1. Hamstring trigger points
This is described by Janet Travell, MD, in her work on myofascial pain syndrome.[iii] The trigger points of the biceps femoris generally are located lateral and inferior to Bl 37 (Denoted as the “X” in the illustration below). The trigger points of the two medial hamstring muscles are located medial and inferior to Bl 37. They too are denoted by the “X” in the illustration.
2. Motor points
There are also several motor points in the hamstring group in this region, as described by Matt Callison, LAc in The Motor Point Index.[iv] They are located slightly superior to Bl 37 in both the medial and lateral muscle bellies. The motor points are denonted by the triangles in the illustration below.
Consider needling ahshi points in one or two of the most taut bands of the muscle. Perpendicular insertion from 1 to 1.5 inches usually suffices. Electrical stimulation can be used on paired points in these taut bands.
Note: With the hamstring group there are numerous trigger points and motor points. While precision at the depression of Bl 37 is possible, these points medial and lateral to the Bladder channel may be more difficult to locate. Palpating these taut bands for point sensitivity often suffices.
Strain in the Hamstring Belly
Sometimes, with muscle strain, there is specific point sensitivity due to tears in the muscle. Palpation will reveal point sensitivity, as outlined above. Treatment directly into this injured tissue is possible. However, the practitioner may need to avoid direct needling when these cases are acute.
The Hamstring Origin at the Ischial Tuberocity
Bl 36 (Chengfu)
Hamstring strain may affect the tendon at its attachment to the ischial tuberocity in the region of Bl 36. If Bl 36 is chosen for treatment, there are several reasonable techniques. A needle may be inserted at Bl 36, needled deeply towards the tendon. Care should be taken to avoid penetration of the tendon and its sheath; this may irritate and further inflame the tissue. As an alternative, consider a set of paired needles inserted deeply on the medial and lateral sides of the tendon. These would be about 1 cun medial and 1 cun lateral to the text location of Bl 36. Electrical stimulation between these two needles may help reduce inflammation of the hamstring tendon at the ischium.
The Superior Muscle-tendon Junction
“Lower” Bl 36 – 1 to 2 cun inferior to Bl 36
The muscle-tendon junction is also a frequent injury site for the hamstring group. Some sources suggest that it is the most likely site for strain.[v] This zone is about 1 to 2 cun distal to Bl 36, although it could extend a bit further. This “lower” Bl 36 point may be needled deeply into the muscle-tendon junction. It is located on the line along the Bladder Taiyang meridian. Avoid penetrating the sciatic nerve.
Points “Above and Below”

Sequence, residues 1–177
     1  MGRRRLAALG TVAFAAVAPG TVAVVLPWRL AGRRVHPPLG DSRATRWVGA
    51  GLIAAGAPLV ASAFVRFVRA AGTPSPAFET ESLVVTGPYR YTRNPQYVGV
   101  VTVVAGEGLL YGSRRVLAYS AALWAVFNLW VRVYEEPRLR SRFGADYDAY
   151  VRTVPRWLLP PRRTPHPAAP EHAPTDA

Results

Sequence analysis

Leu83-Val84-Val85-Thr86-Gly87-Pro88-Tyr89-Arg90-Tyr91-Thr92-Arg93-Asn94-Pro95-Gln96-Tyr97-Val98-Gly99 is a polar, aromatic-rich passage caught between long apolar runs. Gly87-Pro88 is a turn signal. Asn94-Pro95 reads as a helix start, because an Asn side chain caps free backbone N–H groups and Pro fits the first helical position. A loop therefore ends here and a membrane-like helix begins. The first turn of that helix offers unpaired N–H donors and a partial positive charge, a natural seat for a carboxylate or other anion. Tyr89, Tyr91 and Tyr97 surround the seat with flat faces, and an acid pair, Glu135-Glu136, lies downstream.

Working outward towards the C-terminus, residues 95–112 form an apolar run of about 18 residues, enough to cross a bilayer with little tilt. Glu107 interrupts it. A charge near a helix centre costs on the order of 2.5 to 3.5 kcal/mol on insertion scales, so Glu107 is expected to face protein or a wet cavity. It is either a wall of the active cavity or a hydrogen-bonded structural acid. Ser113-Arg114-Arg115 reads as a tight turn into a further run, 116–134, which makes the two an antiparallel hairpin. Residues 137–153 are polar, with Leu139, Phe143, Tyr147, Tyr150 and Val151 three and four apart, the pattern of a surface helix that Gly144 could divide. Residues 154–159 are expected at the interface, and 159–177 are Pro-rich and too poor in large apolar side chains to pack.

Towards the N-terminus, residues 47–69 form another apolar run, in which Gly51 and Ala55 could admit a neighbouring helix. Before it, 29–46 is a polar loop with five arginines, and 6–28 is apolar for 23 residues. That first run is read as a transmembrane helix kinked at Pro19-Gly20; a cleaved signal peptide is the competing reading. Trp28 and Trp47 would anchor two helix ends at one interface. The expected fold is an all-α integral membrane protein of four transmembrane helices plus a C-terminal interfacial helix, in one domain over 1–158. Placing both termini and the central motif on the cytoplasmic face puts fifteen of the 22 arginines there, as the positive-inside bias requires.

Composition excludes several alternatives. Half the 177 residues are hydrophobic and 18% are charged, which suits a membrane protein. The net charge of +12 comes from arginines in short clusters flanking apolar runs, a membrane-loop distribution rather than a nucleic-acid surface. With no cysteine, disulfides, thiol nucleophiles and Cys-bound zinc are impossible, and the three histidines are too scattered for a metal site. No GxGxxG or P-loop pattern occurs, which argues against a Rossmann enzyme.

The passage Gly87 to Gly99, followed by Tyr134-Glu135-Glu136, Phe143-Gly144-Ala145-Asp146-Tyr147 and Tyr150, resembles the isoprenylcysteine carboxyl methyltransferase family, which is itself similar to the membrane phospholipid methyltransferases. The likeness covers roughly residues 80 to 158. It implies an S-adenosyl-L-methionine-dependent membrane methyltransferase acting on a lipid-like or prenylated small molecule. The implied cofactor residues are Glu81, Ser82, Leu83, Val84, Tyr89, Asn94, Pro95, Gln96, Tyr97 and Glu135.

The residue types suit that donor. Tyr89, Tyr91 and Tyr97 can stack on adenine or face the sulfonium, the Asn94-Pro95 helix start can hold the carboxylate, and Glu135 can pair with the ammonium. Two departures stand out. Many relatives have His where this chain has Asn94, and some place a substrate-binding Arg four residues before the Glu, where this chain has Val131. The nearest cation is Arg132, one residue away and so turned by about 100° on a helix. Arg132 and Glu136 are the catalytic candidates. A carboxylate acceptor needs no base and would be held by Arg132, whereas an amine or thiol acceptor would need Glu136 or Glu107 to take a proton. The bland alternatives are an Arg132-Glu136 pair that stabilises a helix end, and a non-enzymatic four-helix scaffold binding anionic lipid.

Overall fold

GB 30 (Jugu) Crossing point, Gall Bladder and Bladder
Bl 40 (Jugu) He-sea point
Bl 38 (Fuxi) Adjacent to the tendon of the biceps femoris
Bl 39 (Weiyang) Adjacent to the tendon of the biceps femoris
Kid 10 (Yingu) Between the tendons of the semimembranosus and semitendinosus
Hamstring strain along the Bladder meridian is a common injury, and one that may respond well to acupuncture. Local and adjacent points along the Taiyang channel, and slightly medial and lateral to it, are anatomically significant zones, including trigger points and the motor points. It is also a common site of muscle strain. However, points “above and below”, as well as distal points also contribute to successful treatment. In acupuncture sports medicine, other complementary modalities may also be considered to assist the patient with a speedier recovery, including some of the rehabilitation techniques of physical therapy.
Whitfield Reaves, OMD, LAc, is a nationally certified acupuncturist, and has been in clinical practice since 1981. He received his Doctor of Oriental Medicine degree in 1983, which included a four-month internship in Beijing, China. His thesis, titled “Acupuncture and the treatment of common running injuries”, was one of the first-ever English language works integrating traditional Chinese acupuncture with western orthopedic and sports medicine. Whitfield’s clinical experience includes medical care for athletes at the 1984 Olympic Games in Los Angeles, as well as numerous track and field, triathlon, skiing, and cycling events nationally over the last 25 years.
[i] Dutton, M: Orthopeadic Examination, Evaluation, and Intervention, Second Edition. McGraw-Hill, USA, 2008 (page 900).
[ii] Dutton, M: Orthopeadic Examination, Evaluation, and Intervention, Second Edition. McGraw-Hill, USA, 2008 (page 900).
[iii] Travell & Simons: Myofascial Pain and Dysfunction: The Trigger Point Manual, Volume 2 (The Lower Extremities). Williams & Wilkins, Philadelphia, 1992 (pages 315-318).
[iv] Callison, M: Motor Point Index. AcuSport Seminar Series LLC, San Diego, 2007 (pages 126-127).
[v] Dutton, M: Orthopeadic Examination, Evaluation, and Intervention, Second Edition. McGraw-Hill, USA, 2008 (page 900).